Loretta is a first for us here at IndieGala. A brand-new game that we are very excited about. Released just last month, Loretta takes us on a seedy adventure of crime, betrayal and intrigue. We’ve had plenty of adventure games before here at IndieGala’s blog. Die Young was a cool experience for us, we must say. You can read all about it here, and purchase it here. And much like Loretta, it also had a female lead character. But none is quite like Loretta.


And What’s Loretta All About?

Developed by Yakov Butuzoff and published by Dangen Entertainment, Loretta is a casual adventure game. It’s a psychological thriller that makes the player an accessory to the heroine’s crimes, leading her through a self-crafted nightmare.

Loretta’s story revolves around a woman handling betrayal, her husband’s infidelity, and reclaiming her agency. All during the socially tumultuous 1940s. Loretta is a psychological thriller that makes the player an accessory to the heroine’s crimes, leading her through a self-crafted nightmare. Furthermore, it’s a game that’s conceptually inspired by film noir. From the art of Andrew Wyeth and Edward Hopper. To the works of Alfred Hitchcock, Philip Ridley, Stephen King and Vladimir Nabokov. Check it out now.

Loretta is available for purchase here.

Loretta & Some Cool 40’s Movies

So, which movies go well with Loretta? Movies from the ’40s of course. Especially psychological thrillers that are actually from the 40s. We’ve not paid enough respect to the oldies in my humble opinion, and I think it’s time to amend that. So, here are some of the finest movies from the 40s that blend perfectly with Loretta.

Double Indemnity

A true crime noir from the ’40s. And a movie that’s a must-watch for every film buff out there. Some consider it to be Billy Wilder’s early masterpiece. While others hail it as a classic that set the standard for noir. Either way, it’s filled to the brim with great camera work, fine screenplay and fantastic performances from Barbara Stanwyck, Edward G. Robinson and Fred MacMurray. It’s got deception, intrigue, lies and murder. And despite the somewhat slow pace, its reputation grew over the decades even more. What started as just a murder film story, developed into a expose of the depths of depravity, greed, lust, and betrayal.

Fun fact: The house used as Barbara Stanwyck’s character’s home still stands today at 6301 Quebec Drive.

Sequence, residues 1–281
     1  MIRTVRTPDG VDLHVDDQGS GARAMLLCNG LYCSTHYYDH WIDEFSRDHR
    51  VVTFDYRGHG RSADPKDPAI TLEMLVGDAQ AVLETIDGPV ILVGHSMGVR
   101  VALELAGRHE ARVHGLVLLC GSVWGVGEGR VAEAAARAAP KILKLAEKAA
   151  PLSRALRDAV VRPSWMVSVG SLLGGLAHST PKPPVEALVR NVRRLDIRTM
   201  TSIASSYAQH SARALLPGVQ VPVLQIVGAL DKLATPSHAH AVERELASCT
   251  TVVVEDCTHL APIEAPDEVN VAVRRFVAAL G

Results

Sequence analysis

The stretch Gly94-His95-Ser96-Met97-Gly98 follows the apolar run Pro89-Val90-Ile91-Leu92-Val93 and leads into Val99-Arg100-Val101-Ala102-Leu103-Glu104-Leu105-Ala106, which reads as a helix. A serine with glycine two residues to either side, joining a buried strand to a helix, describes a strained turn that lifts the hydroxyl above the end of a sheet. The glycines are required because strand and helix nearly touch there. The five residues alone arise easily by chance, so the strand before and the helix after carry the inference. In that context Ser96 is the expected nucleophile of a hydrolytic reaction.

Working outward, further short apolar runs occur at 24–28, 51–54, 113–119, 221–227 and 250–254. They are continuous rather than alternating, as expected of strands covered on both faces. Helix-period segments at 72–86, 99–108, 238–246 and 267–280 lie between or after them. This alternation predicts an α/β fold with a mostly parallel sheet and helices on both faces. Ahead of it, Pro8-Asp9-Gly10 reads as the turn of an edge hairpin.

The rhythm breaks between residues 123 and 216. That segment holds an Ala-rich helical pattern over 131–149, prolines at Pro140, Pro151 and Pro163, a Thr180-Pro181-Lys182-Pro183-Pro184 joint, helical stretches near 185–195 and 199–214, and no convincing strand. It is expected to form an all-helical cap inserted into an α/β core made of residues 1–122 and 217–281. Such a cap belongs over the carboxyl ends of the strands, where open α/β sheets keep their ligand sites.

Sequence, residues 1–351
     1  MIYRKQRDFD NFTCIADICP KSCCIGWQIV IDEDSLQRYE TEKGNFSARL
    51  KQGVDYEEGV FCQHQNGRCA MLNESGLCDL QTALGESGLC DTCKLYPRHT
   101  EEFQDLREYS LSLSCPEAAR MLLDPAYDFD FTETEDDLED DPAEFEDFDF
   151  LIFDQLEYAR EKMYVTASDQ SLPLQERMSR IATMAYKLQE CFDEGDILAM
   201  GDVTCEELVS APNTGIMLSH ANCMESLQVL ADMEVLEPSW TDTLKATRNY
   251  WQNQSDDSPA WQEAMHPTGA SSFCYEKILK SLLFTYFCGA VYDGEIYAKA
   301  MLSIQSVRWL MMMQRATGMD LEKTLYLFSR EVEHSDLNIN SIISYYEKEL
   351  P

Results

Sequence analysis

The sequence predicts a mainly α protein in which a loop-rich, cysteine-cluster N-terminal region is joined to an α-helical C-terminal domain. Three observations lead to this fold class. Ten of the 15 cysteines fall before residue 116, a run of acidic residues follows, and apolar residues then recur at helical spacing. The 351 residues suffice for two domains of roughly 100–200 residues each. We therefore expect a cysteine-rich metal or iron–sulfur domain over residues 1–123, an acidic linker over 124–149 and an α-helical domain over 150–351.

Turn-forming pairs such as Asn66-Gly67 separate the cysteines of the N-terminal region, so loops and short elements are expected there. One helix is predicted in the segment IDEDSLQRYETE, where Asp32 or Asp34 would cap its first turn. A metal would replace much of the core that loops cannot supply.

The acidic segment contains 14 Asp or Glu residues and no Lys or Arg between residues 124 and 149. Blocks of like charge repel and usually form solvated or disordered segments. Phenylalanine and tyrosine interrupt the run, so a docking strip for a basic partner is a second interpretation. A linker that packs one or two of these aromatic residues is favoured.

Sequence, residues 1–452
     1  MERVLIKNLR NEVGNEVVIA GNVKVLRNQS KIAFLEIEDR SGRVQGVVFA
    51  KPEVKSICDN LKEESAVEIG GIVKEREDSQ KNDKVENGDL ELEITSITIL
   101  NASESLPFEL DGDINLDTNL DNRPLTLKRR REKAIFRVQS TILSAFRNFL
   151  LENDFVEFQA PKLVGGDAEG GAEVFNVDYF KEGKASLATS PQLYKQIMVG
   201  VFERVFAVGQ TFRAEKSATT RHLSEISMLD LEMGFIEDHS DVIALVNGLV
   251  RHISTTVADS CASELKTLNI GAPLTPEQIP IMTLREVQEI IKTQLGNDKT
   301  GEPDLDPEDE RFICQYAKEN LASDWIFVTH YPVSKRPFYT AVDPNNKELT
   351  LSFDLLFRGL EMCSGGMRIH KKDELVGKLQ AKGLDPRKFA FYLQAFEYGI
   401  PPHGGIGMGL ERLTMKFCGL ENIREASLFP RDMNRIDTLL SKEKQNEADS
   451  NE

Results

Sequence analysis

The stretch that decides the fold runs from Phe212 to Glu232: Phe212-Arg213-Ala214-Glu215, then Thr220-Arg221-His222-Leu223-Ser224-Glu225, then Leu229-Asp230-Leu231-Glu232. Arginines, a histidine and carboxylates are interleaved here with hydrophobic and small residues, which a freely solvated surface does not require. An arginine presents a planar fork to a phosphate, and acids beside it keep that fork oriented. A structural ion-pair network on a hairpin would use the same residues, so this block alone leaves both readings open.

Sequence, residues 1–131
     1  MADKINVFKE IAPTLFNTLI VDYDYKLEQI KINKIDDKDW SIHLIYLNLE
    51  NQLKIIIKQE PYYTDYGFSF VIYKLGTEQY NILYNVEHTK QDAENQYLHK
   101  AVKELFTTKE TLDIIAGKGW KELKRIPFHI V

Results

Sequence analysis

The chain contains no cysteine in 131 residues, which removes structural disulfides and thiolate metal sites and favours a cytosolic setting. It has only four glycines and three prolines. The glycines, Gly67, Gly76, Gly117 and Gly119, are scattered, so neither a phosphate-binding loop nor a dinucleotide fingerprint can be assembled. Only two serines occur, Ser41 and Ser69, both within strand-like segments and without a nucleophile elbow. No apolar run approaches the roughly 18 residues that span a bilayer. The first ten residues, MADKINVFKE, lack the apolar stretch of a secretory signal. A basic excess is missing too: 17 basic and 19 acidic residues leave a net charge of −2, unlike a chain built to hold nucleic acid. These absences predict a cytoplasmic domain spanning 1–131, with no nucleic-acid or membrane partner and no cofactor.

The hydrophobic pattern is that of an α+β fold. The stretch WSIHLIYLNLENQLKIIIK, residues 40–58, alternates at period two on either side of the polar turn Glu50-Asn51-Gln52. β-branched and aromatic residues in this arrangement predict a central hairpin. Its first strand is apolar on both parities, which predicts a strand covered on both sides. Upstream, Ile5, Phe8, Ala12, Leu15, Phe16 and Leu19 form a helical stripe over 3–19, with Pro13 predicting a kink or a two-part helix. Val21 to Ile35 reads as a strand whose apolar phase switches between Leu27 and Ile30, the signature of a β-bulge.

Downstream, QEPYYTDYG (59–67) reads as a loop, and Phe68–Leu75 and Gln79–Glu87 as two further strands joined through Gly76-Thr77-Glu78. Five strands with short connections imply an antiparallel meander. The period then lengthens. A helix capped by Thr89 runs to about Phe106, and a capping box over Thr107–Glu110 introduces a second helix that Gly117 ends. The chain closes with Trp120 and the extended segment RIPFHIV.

Another noir and another one from 1944. However, this time with Gene Tierney, Dana Andrews, and Clifton Webb in front of the camera. And Otto Preminger behind it. But Laura has Gene Tierney in the titular role. Laura Hunt. The murdered heroine and a central character of the story. However, Laura is A psychologically complex portrait of obsession and a deliciously well-crafted murder mystery. It’s got great characters, and fantastic acting and will leave you on the edge of your seat.

Fun fact: Vincent Price always considered this to be the best movie he ever made.

The Third Man

The Third Man is truly one of Carol Reed’s finest movies. It also has Orson Wells in his prime, which is wonderful to see. However, The Third Man has murder and mastery from start to finish. But in between, it has Vienna as a setting for much of the story and some of the finest lines of dialogue ever put on film.

Set in postwar Vienna, the film centers on American Holly Martins. He arrives in the city to accept a job with his friend Harry Lime (Welles), only to learn that Lime has died. His death is suspicious for Martins so, he elects to stay in Vienna and investigate the matter.

Oh man, The Third Man is good. Like really good. Highly recommended for this article as well. Check it out.

Fun fact: Orson Welles worked one week on this film.


A true psychological thriller from 1944. Boy 1944 was the year for great movies. Not just psychological thrillers and noirs. Gaslight is the movie that got Ingrid Bergman her first Oscar (first out of three in total). And it’s the movie that popularized the term gaslighting. But in a nutshell, it follows a young woman whose husband slowly manipulates her into believing that she is descending into insanity.

Gaslight is also a remake of the 1940 British film of the same name, but it’s also the movie that elevated the career of Miss Bergman. Intermezzo put her on the map. But Gaslight really showcased her talent for the world to see.

Fun fact: Dame Angela Lansbury was only eighteen when she made, her theatrical movie debut.

The Lady from Shanghai

Another Orson Wells movie, because why not? This time he’s both behind the camera, and in front of it. And has Rita Hayworth (his wife) in the lead role. Confusing and at times lacking in pace at the time of release, The Lady from Shanghai is considered a true classic now. It matured with age I suppose. But while The Lady from Shanghai was being made, the marriage of Orson Welles and Rita Hayworth was disintegrating. The film was as much an effort by Welles to rekindle the old flames as it was to make a classic noir. The movie stood the test of time. Their marriage, not so much.

Fun fact: Orson Welles’ decision to have Rita Hayworth cut her hair and bleach it caused a storm of controversy. And many in Hollywood believed it contributed to the film’s poor box-office returns.

However… What’s Your Take On Loretta?

Do You Like It? And what’s your favorite movie from the ’40s? Let us know in the comment section.

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